Australia is at risk of becoming the “poor white trash of Asia” as disputes with our biggest trading partner heat up, China’s state-run newspaper says.
Tensions are growing between Australia and Beijing with Prime Minister Scott Morrison last week announcing new powers to tear up Victoria’s Belt and Road initiative if deals between foreign governments and local and state governments go against national interests.
But an opinion piece published by the Global Times says there are “few signs that Australia intends to stop provoking China”.
“Further decoupling with China will not send China back to poverty but will only make former Singaporean Prime Minister Lee Kuan Yew’s famous statement more likely to come true: That if Australia doesn’t open up its economy and reduce unemployment, it risks becoming the ‘poor white trash of Asia’,” researcher Yu Lei writes.
“If decoupled from Australia, it won’t be difficult for Chinese products and investments to find new markets and investment destinations.
“However, it won’t be so easy for Australia to find a comparably large export market or a supply of high-quality and cheap imported goods or a strong group of investors to replace China’s.”
Yu Lei is a research fellow at the Australian Studies Centre at Beijing Foreign Studies University and has previously attended the University of South Australia.
He writes that if Canberra really wants to make its China policy in line with Australia’s national interests, “it must take a long-term view, truly abandon the Cold War mentality and conform to the spirit of world peace, co-development and win-win”.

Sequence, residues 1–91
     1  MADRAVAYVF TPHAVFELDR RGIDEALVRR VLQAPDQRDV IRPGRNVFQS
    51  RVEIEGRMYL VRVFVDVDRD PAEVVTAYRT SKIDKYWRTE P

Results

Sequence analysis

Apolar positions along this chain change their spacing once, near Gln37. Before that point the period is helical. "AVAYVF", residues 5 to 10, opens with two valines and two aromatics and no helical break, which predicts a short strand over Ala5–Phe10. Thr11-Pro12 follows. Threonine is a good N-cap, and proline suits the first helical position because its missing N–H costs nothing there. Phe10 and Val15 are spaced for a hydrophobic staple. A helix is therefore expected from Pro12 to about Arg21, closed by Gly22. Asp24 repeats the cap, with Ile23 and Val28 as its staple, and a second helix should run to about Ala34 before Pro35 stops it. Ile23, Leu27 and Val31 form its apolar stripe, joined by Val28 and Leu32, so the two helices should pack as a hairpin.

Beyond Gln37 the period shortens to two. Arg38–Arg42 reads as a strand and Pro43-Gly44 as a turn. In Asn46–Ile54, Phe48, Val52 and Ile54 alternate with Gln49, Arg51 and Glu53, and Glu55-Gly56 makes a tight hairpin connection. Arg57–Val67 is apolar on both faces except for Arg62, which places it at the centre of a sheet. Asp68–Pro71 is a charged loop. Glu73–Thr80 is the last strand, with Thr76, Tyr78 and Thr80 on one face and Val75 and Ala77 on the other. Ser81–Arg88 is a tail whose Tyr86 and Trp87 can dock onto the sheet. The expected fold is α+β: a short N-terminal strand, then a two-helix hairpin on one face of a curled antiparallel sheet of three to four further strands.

Trade Minister Simon Bermingham on Tuesday called on the Chinese Government to agree to ministerial level conversations.
He said numerous approaches and requests had been made in writing and through representations of embassy officials.
“The Australian Government remains very firm, willing and committed to have those discussions,” Senator Birmingham said.
“China has been unwilling to schedule a phone call or a discussion with my counterpart – I’m disappointed by that,” he told ABC.
“My view is that mature countries should be able to put their differences aside to then talk about the issues where they can work together to deal if they can with any differences.”
On Ms Cheng’s detention, Mr Birmingham said the Australian Government would continue to provide Ms Cheng and her family with every consular assistance that it could.
“We hope these matters can be resolved in a timely and proper manner,” he said.
When asked why she was detained, Senator Birmingham said he was “not in a position to go into that”.